Did you know that 59,000 women in North America die from breast cancer each year? Did you also know that around the world, every 23 seconds someone is diagnosed with breast cancer, and every 60 seconds the disease claims another life?
On Monday evening, the Women’s Center put together a program showing a documentary entitled, “Pink Ribbons Inc.” The film allowed the students the opportunity to learn about the industry and idea behind not only the pink ribbon effect that takes over the month of October, but also a second look at the means behind the promotion of breast cancer awareness.
According to the film, millions of women and supporters around the world join the breast cancer awareness campaign, whether its taking part in the “Avon Run” in San Francisco, the “Revlon Walk” in New York City or the “Jump for Hope” in Canada. People have engulfed themselves in the tradition of wearing pink, donating money and walking miles in support of what they think will help toward breast cancer research.
This kind dedication and energy will forever be a soothing effort, but what does it all do to affect change? Major companies such as Estèe Lauder, Susan G. Komen and Avon continue to host these festivities of hope, promoting that they’ve raised abnormally large amounts of money, but never say directly how much funding actually goes into research, or what’s next for that matter.
The purpose of this film was to bring awareness to the fact that some companies abuse the pink ribbon movement to benefit the company rather than help the cause. The documentary showed that cosmetic companies sell limited edition items on “sale,” promoting the need for a cure but use cancerous material in their products. For example, many nail polish makers include an ingredient called formaldehyde, a nail-hardening agent that is known to cause cancer, according to the National Healthy Nail Salon Alliance.
From October to December, Yoplait “supports” breast cancer awareness by telling customers to send back their pink ribbon lids after eating the yogurt. They will then donate 10 cents a lid to research. According to one of the speakers in the film, if you send three lids a day for those three months, it would amount to $340. For that little amount of money, these people might as well just make donations. Companies see more of a price increase in their pink products than they actually donate to research.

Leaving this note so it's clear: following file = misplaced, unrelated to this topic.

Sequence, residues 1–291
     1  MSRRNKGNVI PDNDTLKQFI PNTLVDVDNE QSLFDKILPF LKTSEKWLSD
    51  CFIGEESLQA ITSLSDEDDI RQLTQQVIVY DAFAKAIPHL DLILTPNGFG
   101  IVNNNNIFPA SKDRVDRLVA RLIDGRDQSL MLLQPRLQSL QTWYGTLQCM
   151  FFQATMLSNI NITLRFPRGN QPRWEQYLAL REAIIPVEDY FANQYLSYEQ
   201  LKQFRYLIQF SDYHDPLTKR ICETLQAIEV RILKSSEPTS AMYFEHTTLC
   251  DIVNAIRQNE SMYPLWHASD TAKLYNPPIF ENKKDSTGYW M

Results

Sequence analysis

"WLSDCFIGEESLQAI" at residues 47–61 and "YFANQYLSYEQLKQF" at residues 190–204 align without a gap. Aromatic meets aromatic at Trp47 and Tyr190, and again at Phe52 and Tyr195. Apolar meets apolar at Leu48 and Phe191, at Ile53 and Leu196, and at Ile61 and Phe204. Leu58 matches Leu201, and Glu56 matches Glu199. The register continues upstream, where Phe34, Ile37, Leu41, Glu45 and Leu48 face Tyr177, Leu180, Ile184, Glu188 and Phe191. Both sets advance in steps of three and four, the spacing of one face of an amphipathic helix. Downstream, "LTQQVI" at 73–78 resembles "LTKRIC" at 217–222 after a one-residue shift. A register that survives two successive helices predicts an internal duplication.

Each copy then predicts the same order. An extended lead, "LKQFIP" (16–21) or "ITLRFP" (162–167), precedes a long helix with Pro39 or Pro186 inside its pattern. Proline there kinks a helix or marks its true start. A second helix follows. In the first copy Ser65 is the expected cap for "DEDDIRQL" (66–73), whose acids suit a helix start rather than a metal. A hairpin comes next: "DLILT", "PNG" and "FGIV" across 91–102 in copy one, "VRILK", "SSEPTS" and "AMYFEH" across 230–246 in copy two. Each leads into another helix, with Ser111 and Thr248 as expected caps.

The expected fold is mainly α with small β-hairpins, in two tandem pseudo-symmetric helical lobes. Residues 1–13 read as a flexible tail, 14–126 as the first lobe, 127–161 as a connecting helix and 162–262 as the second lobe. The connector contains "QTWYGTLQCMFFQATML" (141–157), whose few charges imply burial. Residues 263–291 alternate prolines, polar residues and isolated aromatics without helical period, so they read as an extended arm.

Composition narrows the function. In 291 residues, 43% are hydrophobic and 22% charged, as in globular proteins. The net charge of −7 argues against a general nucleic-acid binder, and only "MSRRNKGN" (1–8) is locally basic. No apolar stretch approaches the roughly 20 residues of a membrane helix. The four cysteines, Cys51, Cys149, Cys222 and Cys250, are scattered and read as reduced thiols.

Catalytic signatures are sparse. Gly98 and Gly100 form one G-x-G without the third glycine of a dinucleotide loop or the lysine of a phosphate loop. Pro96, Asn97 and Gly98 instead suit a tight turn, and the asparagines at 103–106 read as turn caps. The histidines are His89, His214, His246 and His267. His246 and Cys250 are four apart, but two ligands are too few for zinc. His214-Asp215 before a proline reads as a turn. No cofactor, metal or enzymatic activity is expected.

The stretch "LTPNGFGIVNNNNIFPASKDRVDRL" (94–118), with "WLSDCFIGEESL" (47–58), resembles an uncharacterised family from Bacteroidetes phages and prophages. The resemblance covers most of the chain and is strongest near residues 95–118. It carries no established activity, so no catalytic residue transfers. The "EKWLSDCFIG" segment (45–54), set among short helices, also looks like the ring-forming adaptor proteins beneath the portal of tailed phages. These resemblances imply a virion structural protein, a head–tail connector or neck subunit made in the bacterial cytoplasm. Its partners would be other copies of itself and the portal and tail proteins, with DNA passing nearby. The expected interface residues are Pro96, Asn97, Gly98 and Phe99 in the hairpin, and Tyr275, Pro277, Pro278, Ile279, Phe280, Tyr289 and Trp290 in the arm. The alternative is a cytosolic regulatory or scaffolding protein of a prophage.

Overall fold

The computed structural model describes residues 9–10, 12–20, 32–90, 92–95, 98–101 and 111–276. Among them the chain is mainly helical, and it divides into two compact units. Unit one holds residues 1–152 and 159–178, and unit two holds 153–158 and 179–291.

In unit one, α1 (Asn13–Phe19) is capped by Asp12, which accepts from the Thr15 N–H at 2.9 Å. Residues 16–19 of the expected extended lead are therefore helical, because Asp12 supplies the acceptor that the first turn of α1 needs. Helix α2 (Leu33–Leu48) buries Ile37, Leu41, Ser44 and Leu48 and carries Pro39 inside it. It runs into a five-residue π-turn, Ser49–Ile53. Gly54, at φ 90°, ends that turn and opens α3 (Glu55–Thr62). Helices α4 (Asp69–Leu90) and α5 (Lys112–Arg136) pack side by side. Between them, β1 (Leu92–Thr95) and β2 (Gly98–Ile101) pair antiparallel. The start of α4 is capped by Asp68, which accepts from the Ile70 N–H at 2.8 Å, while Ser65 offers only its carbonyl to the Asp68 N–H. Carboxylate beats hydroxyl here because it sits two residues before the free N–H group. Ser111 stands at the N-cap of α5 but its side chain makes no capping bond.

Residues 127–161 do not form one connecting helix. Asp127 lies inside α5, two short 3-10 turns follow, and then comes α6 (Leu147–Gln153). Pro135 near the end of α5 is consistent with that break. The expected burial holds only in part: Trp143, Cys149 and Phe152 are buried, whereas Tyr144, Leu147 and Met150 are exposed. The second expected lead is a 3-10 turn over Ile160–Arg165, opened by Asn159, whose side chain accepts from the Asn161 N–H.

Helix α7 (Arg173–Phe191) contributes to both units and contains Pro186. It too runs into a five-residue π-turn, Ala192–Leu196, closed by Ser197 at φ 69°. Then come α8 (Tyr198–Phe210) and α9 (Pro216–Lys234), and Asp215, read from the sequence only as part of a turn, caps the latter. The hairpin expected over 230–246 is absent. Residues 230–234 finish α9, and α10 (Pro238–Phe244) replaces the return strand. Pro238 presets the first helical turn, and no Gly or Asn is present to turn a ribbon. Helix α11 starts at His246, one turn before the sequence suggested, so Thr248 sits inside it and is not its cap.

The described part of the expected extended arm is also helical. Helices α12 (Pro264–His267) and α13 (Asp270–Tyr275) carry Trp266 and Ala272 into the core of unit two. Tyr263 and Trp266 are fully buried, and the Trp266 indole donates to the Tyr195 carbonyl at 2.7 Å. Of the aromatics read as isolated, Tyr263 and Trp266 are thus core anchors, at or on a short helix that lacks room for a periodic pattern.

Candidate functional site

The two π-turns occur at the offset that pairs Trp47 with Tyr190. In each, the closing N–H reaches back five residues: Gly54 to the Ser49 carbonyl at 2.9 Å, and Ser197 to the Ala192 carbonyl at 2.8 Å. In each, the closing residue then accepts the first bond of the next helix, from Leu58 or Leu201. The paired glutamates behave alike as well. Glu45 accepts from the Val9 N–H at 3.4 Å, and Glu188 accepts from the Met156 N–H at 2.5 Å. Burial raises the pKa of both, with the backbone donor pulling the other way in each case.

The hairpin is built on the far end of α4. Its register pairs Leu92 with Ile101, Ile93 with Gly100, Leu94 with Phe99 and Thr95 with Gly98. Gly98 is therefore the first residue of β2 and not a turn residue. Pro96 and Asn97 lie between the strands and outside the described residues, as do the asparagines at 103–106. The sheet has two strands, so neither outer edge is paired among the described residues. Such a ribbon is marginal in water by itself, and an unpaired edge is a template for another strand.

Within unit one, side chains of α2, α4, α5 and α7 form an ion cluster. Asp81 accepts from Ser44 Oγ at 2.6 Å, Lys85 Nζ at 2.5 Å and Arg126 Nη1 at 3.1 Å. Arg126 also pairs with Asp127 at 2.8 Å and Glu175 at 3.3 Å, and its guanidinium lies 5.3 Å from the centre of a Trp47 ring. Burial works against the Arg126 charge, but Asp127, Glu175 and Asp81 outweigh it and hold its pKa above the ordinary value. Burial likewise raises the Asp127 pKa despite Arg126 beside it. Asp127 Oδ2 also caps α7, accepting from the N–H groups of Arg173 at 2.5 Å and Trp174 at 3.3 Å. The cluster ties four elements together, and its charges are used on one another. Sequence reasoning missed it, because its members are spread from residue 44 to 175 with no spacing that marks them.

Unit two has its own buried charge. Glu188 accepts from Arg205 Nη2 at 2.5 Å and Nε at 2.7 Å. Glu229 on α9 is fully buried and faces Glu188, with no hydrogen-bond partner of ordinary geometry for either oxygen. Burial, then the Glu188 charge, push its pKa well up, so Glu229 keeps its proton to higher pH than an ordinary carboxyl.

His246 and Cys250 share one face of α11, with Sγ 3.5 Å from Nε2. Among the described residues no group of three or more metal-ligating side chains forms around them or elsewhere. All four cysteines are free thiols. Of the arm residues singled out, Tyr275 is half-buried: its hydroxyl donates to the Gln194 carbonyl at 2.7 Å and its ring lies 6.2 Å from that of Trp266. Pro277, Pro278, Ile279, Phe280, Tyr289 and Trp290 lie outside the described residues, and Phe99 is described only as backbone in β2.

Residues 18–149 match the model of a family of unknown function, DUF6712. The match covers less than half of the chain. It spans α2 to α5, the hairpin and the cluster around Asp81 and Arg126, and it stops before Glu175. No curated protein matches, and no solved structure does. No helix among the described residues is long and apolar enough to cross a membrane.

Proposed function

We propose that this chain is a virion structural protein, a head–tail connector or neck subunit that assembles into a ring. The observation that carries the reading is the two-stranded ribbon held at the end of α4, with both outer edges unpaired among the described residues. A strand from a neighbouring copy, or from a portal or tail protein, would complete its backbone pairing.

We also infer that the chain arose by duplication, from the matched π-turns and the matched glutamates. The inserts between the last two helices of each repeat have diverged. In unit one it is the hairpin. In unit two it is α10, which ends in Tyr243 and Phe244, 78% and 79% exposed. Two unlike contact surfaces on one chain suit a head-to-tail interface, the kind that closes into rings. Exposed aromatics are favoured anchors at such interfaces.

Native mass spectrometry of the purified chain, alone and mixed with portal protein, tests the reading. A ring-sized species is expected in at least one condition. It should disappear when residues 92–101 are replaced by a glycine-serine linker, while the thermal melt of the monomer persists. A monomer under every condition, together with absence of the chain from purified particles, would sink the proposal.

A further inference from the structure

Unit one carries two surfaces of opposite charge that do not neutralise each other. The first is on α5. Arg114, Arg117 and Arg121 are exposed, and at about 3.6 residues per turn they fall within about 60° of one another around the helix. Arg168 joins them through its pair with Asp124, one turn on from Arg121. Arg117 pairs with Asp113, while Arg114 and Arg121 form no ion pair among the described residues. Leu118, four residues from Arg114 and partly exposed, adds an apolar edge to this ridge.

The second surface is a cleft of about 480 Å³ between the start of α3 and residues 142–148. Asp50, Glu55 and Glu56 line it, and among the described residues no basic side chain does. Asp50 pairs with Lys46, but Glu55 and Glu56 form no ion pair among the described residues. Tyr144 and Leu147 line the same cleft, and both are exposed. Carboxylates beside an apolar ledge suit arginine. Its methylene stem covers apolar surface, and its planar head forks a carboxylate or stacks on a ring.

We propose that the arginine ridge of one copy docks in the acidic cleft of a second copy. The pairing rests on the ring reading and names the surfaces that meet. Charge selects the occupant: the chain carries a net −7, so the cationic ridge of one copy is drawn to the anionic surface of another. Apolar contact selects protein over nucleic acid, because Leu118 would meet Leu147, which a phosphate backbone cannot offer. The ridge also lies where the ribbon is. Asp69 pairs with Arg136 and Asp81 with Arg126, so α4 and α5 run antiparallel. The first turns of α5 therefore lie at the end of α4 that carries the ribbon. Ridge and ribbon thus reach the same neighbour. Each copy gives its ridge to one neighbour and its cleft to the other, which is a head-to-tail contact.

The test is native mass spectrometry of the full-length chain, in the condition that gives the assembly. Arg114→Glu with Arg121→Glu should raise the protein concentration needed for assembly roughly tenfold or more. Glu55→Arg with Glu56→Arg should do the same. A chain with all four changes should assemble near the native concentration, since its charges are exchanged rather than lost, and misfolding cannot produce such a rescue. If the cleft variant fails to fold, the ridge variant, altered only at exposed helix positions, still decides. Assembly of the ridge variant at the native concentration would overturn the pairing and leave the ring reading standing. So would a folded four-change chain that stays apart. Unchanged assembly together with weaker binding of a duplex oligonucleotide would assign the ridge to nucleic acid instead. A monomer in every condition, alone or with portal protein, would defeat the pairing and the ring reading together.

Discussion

There are so few stage-4 support groups, even though this stage is the last and most fatal phase of breast cancer. Corporations have turned the awareness of breast cancer into a soft, pink loving campaign; everything that breast cancer, especially in stage 4, is not. Different brands have jumped on the bandwagon selling the disease in a certain way to promote this kind of “sisterhood,” but us as constituents and buyers fail to inquire about research and lose sight of the actuality that the awareness is out and now is the time to find a cure.
Students who attended this program were amazed at the findings in the documentary and said that the outlook on the film changed the way they view awareness for breast cancer as a whole. Victoria Brodeur, president of the Women’s Center, viewed this documentary for the first time and said all of the information was eye opening.
“I’m really shocked that corporations work like this and have no regulations. I have Type 1 diabetes and I’m sure there are big businesses that do the same thing,” said Brodeur.
Mary McCune, adviser to the Women’s Center and woman’s studies professor said she’d always felt uncomfortable about the pink campaign and watching this documentary only fueled her curiosity.
“You want to be helpful,” McCune said, “and when things like this are happening to a serious cause, it’s hard to stay positive.
Becoming more than just a face in the pink crowd begins with asking questions. Purchasing bejeweled pink ribbons is a step, but we need to take actual steps to figure out what we can really do to invoke change and find a cure. On behalf of the mothers, daughters, sisters, and the thousands of women that are living the reality of this cancer, think before you pink.